Vol. 20, No. 4,974 - The American Reporter - May 8, 2014




by Joyce Marcel
AR Correspondent
Dummerston, Vt.
January 31, 2011
Momentum
THIS COLUMN IS BEING RECORDED FOR QUALITY PURPOSES

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INDIANAPOLIS, Ind. -- I wanted to be a spy when I was a kid.

I wanted to drive around in cool cars, wear sharp suits, drink vodka martinis, and have beautiful women throw themselves at me, la James Bond. After I watched my first Bond movie, I was convinced of the awesome power of suits and vodka martinis.

I knew I would be a good spy, because at age nine, my friend Eric Pratt and I snuck around the neighborhood on summer nights, trying to annoy our neighbors, who we imagined were actually enemy spies. We didn't know who they were spying for, only that they were enemy spies. As we saw it, it was our patriotic duty to thwart these ne'er-do-wells from their villainy. (This was also our battle cry. We were not very cool.)

We were pretty good at spying though. We snuck around from backyard to backyard, and not once were we ever captured. We'd get barked at by the occasional dog, but that's to be expected from highly trained enemy attack dogs. Scottish Terriers can be extremely vicious.

Our spying efforts were based on the ability to ring people's doorbells and run away without getting caught. We even plotted our escape routes and meeting points before each ring. We got good enough at it that we could do 15 doorbells in a single night. We had a few close calls, like the people who answered their door too quickly, or the people we hit three times in a night.

We eventually had to stop after the parents of one of our so-called "friends" ratted us out after we hit his house one night when he couldn't go out with us. But my dreams of being a spy never died.

When I was 13 years old, I got a book about spies. It was a behind-the-scenes look at what spies did and how they were recruited. There was even a test that I could take to see if I had the temperament to be a spy. I figured out that by answering "C" to all the questions, I would achieve the ideal score for a spy. And it only took me three tries to do it.

The problem was, I didn't know who to tell about my test score or that it showed that I was qualified to drive cool cars and sleep with beautiful women. So I thought about writing a letter.

"Dear CIA: I took a test in the 'Handbook for Spies' book recently. I'm sure you're familiar with the book, since it was written by someone in your line of work. I achieved a score of 82 on the test, which said that I would make an ideal spy. Do you have an opening for any agents? If so, could you please tell me where I can pick up my suits and car? Sincerely yours, [Name stricken for security purposes]."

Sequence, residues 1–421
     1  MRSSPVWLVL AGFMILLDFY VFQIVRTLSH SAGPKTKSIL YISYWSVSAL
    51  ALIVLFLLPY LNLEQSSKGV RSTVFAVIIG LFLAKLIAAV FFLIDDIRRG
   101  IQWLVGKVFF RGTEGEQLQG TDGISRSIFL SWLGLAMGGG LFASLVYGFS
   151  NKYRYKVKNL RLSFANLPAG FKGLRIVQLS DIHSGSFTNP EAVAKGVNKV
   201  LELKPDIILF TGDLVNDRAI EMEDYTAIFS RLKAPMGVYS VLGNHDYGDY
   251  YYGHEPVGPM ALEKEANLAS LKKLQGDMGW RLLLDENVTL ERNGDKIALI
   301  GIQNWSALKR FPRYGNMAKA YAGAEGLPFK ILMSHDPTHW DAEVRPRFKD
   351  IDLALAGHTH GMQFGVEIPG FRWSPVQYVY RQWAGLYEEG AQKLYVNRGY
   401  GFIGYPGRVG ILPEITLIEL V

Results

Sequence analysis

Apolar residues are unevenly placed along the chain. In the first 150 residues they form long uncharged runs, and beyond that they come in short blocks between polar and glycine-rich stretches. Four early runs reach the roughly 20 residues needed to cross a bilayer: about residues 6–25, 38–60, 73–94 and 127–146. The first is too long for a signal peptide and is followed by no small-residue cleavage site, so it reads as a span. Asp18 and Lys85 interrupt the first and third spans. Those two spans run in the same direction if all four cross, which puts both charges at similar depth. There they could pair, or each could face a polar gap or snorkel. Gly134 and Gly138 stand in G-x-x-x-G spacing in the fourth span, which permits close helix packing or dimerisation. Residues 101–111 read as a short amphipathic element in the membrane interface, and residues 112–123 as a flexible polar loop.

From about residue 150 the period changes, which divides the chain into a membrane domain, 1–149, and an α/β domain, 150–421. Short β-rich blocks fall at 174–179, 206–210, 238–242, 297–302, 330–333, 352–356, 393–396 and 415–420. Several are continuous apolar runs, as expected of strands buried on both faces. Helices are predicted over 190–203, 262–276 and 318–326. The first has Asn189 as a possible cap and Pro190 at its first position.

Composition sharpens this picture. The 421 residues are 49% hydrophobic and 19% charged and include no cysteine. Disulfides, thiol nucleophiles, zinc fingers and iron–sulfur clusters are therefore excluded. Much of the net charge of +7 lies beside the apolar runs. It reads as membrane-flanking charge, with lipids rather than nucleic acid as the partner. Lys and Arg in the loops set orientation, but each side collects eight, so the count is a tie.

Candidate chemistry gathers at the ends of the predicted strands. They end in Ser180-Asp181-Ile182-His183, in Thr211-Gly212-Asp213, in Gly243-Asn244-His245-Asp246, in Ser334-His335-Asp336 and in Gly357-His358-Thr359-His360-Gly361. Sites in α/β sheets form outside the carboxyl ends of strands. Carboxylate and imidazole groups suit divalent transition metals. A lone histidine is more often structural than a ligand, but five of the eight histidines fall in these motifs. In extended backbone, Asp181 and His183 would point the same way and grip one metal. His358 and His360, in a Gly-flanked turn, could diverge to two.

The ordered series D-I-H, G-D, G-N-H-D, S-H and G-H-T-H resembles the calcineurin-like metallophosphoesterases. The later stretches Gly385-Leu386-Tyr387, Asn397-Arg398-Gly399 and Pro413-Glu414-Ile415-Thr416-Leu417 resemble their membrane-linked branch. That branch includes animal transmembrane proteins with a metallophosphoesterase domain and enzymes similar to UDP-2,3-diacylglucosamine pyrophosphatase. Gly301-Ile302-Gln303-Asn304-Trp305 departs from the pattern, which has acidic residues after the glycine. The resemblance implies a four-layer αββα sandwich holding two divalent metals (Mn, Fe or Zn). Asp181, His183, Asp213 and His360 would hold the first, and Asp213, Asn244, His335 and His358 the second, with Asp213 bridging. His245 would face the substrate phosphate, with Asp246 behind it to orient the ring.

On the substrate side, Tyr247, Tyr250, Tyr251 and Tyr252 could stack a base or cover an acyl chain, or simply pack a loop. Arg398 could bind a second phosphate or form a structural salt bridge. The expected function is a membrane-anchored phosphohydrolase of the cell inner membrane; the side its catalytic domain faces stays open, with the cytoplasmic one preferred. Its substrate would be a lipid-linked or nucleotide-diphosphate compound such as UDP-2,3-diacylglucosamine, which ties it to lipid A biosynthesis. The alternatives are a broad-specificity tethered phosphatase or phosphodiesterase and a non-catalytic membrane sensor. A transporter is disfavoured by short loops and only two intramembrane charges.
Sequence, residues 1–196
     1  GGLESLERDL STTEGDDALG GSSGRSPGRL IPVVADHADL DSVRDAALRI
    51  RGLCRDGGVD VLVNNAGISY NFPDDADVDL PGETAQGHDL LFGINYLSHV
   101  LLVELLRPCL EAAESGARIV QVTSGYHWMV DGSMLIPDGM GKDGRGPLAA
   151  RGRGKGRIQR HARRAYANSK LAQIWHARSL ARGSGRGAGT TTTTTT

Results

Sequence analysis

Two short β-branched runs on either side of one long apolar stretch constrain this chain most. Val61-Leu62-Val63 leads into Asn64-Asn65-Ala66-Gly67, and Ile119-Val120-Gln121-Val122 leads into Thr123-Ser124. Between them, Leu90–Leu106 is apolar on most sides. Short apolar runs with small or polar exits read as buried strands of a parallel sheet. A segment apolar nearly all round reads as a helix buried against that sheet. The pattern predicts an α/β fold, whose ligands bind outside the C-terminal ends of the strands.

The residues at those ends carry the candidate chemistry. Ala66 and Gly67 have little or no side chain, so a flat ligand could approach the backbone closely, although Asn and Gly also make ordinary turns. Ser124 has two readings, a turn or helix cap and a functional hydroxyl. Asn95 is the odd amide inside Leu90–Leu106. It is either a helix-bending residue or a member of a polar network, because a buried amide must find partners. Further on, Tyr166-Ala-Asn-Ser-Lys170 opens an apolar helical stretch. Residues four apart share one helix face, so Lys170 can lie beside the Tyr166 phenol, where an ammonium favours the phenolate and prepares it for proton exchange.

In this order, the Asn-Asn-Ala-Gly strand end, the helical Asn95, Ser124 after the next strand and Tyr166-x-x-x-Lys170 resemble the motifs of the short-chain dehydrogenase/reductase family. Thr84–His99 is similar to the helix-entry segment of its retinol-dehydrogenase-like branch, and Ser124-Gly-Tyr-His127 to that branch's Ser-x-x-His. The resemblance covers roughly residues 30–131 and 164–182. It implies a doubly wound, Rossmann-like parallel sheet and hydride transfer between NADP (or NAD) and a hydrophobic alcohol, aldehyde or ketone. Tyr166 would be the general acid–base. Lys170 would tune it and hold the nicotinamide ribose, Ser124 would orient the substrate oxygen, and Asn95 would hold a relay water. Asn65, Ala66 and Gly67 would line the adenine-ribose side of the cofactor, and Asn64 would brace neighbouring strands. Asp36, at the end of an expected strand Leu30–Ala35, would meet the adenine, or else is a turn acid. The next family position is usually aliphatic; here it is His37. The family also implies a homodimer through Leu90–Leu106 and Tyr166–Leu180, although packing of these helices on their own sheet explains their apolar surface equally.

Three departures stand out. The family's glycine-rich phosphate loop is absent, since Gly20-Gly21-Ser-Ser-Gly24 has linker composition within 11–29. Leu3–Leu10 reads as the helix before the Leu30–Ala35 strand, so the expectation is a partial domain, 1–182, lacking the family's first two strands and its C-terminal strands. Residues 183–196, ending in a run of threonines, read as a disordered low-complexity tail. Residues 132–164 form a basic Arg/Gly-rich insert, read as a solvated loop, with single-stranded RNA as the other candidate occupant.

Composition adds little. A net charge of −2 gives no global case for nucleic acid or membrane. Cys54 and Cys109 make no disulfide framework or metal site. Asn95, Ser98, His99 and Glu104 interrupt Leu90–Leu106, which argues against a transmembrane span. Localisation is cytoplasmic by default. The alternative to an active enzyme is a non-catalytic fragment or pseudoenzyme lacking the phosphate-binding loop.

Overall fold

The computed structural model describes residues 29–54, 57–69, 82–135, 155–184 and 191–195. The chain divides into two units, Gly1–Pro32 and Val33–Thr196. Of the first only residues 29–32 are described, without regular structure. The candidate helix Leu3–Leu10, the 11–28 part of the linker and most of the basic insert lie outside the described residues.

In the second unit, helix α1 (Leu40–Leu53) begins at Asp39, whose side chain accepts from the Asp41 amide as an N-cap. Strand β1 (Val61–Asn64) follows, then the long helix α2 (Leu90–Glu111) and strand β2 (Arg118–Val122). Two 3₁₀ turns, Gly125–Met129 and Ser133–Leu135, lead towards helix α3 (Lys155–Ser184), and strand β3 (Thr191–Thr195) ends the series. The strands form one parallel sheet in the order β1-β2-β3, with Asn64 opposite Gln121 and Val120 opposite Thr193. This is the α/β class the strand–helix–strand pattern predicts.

I decided against this approach, since an enemy spy might intercept my letter at the post office. Also, I didn't have the CIA's address.

But I was undeterred. I continued reading James Bond books and watching his movies. I even bought a plastic gun that fired suction cup darts, because it looked like the kind of gun Bond carried. For hours, I practiced concealing it, pulling it out quickly, and making difficult shots in my room. The end result was that if I ever encountered an enemy spy who could be stopped by a suction cup dart to the forehead, I had nothing to worry about.

That all changed when I finally read a newspaper article about spies, and how James Bond basically over-glamorized the spy business. "It's not really like that," the article said. "It's all about sitting in windowless rooms, analyzing information. You never get to drive cool cars, and beautiful women don't throw themselves at you on a daily basis."

That article popped my dream of becoming a spy like a balloon on broken glass. I was adrift, without any motivation or long-term goals for weeks. But soon, I was embarked on a new career. One of glamour, intrigue, and even more beautiful women. Thanks to the tv show, "Magnum P.I.," I had a new goal in life.

"Dear Private Eye Agency" I would like to be a private investigator. I am very good at gathering secrets, and I already know how to shoot a plastic Walther PPK dart gun. Do you have an opening for any investigators? If so, could you please tell me where I could pick up my red Ferrari? Sincerely, [Name stricken for security purposes]."

Humor Writer Erik Deckers publishes other humorous articles at his Laughing Stalk blog His first Book, "Branding Yourself" (Que Publishing, 2011), has just been released. He is out of town this week, so this column is a reprint.

Copyright 2014 Joe Shea The American Reporter. All Rights Reserved.

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